Protecting the Coastline of the World’s Largest Island: Australia

The Farm in Byron Bay, Australia. Photo Credit: Michaela Guzy.

  Michaela Guzy

Australia has over 59,000 kilometers of pristine Coastline, 19 natural and cultural UNESCO World Heritage sites, abundant wildlife and adventure activities.The land of Oz has many natural assets that attract visitors from across the globe, but sustaining these resources is critical for the future of Australia.

Starting on the lesser-frequented west coast we journeyed out to Exmouth, Australia's coral coast on the Indian Ocean. The location was first used as a military base during World War II. Today just over 2,000 year round residents focus on welcoming visitors to experience the “Range to Reef”- The Cape Range National Parkhas spectacular gorges and wildlife contrasted by The Ningaloo Coast, which has recently been inscribed on the UNESCO World Heritage list for its natural beauty and biological diversity.

The Ningaloo Marine Park protects a 260 km fringing reef off ofWestern Australia’s mid north coast and is home to 200 species of hard coral, 50 soft coral and over 500 species of fish, including manta rays, sea turtles and the endangered whale shark. Just a short ride away, visitors can snorkel the lagoons in Coral Bay.

But if we’re talking reef systems, it’s hard to ignore The Great Barrier Reef, arguably one of Australia’s most iconic attractions. You can snorkel, dive, sail or even take a sea plane over this maze of 3,000 coral reefs and over 1,000 islands. It’s so big it can be seen from outer space.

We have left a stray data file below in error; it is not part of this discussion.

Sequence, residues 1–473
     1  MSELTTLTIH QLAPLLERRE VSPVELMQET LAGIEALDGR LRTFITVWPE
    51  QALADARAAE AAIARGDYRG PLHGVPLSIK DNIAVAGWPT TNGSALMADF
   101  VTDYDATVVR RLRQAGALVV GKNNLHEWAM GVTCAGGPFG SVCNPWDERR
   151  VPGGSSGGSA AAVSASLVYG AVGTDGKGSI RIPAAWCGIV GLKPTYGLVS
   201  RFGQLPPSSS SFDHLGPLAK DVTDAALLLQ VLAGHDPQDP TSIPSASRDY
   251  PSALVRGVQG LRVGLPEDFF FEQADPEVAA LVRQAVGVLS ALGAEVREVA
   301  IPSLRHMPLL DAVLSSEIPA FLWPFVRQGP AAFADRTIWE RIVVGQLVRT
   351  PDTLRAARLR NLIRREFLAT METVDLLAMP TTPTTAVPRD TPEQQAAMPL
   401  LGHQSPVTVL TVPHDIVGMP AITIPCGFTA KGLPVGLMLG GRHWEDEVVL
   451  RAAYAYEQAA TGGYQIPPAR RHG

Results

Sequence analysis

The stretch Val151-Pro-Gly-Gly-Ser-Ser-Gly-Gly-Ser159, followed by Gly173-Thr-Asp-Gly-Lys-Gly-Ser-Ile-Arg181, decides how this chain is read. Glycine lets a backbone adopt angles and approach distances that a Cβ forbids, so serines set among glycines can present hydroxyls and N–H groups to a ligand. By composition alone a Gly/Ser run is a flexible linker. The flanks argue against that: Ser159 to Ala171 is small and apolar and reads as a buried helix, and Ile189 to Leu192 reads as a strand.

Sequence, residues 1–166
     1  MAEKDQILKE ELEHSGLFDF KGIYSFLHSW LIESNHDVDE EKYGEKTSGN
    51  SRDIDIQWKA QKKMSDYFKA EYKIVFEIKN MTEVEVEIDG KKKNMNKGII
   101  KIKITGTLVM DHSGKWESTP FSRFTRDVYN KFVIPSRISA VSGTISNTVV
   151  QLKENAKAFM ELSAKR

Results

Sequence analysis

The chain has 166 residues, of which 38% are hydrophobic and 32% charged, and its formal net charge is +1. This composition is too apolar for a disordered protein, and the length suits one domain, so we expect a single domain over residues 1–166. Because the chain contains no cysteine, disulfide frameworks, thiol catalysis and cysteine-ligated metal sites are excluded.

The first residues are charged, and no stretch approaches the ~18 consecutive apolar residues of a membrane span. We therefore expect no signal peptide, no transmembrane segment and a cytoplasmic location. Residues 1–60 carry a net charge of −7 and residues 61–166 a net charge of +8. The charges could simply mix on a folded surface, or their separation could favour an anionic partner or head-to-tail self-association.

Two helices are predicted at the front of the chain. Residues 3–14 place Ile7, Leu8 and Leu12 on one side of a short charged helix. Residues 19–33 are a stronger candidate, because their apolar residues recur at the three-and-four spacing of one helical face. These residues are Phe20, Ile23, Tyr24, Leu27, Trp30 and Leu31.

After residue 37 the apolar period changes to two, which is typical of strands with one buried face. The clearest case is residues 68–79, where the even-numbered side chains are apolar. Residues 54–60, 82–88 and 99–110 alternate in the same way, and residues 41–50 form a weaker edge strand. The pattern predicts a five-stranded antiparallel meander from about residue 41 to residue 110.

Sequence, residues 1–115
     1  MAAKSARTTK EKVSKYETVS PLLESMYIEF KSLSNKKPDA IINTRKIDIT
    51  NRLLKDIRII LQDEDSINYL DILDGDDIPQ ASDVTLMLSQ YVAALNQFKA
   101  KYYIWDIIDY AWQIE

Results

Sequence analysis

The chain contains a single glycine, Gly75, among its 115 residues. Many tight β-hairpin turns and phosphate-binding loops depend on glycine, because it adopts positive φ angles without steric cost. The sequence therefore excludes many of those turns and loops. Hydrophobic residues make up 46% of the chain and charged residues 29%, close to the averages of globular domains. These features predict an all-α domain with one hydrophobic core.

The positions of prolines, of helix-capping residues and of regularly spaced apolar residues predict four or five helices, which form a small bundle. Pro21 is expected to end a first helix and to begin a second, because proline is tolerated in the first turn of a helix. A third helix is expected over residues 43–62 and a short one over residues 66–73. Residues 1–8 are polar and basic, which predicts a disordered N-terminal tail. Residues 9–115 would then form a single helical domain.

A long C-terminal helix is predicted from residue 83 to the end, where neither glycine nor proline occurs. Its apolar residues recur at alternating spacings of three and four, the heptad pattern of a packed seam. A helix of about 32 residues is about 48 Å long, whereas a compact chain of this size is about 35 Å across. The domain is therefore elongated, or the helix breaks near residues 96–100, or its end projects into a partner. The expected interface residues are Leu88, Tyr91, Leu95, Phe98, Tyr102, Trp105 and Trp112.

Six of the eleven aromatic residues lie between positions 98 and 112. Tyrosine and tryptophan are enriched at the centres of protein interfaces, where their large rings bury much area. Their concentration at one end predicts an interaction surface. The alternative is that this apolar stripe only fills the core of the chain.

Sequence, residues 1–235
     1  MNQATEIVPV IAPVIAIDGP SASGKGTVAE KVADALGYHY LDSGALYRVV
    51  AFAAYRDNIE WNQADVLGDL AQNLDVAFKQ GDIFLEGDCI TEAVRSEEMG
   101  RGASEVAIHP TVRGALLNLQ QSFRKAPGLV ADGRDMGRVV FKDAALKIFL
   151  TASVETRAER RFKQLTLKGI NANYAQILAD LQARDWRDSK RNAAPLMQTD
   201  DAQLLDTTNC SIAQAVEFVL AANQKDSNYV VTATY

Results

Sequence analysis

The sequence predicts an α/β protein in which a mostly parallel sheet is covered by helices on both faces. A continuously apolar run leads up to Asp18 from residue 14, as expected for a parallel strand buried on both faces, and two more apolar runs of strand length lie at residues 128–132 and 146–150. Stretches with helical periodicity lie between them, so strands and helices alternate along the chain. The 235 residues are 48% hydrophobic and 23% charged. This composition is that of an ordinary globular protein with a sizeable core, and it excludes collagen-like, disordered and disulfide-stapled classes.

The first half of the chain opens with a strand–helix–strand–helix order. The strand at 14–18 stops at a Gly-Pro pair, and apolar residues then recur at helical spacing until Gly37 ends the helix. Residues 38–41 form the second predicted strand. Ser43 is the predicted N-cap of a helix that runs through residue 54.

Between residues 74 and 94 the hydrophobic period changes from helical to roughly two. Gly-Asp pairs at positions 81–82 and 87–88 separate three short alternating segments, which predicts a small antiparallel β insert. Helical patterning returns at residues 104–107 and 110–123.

We consulted David Stielow, Managing Director of Explore Whitsundays who shared, “The Great Barrier Reef is World Heritage's the largest coral reef system in the's 2,000 km long and it’s a combination of reef and islands on the whole of the Queensland coast."

For more information, watch our video interview with David here.

Australia is working to implement The Reef 2050 Long-Term Sustainability Plan, which will serve as a blueprint for preserving The Great Barrier Reef so that it remains a natural wonder for generations to come. With almost 60,000 kilometers of coastline, seafood is an important part of any Aussie’s diet, and part of being sustainable means sourcing local food and wine. 

Chefs like Allistair from the luxury resort, Qualia, on Hamilton Island hand select local sustainable produce and seafood from across the country for their guests, "We have a few different varieties of oysters from across the country. And they're all kind of different in their own way...Tazmania has fantastic quality products and oysters is one of them."

Learn more about sustainable food sourcing, watch our interview with Chef Allistair.

The hippie chic surfer town of Byron is known not only for it’s abundant beaches, outdoor activities and its whale watching, but is at the forefront of the local food movement.

We visited Sydney’s popular chefs, The Three Blue Ducks at TheFarm they opened in Byron Bay, who took the “farm to table” movement quite literally. We sat down with chef and one of the owners, Darren Robertson to talk about the inspiration behind the food served on the farm. "The idea was to use up the whole ingredient. And utilize things you’d typically throw in the garbage.”

After a morning at sea, yoga in a barn and lunch on a farm, we caught up with television personality Magdelina Roze for her take on dressing like a local in local designer duds. We visited the iconic Australian fashion label, Spell & The Gypsy Collective which sell clothing from local designers that capture the Byron life style of “casual, relaxed, free flowing and feminine” attire.

The world’s only floating continent and it’ s friendly inhabitants are working hard to preserve their surrounding reef systems, locally sourcing their food and supporting their local stylish designers.

For more information, check out OhThePeopleYouMeet and please watch our latest video, Michaela’s Map: Australia’s Beach Towns.

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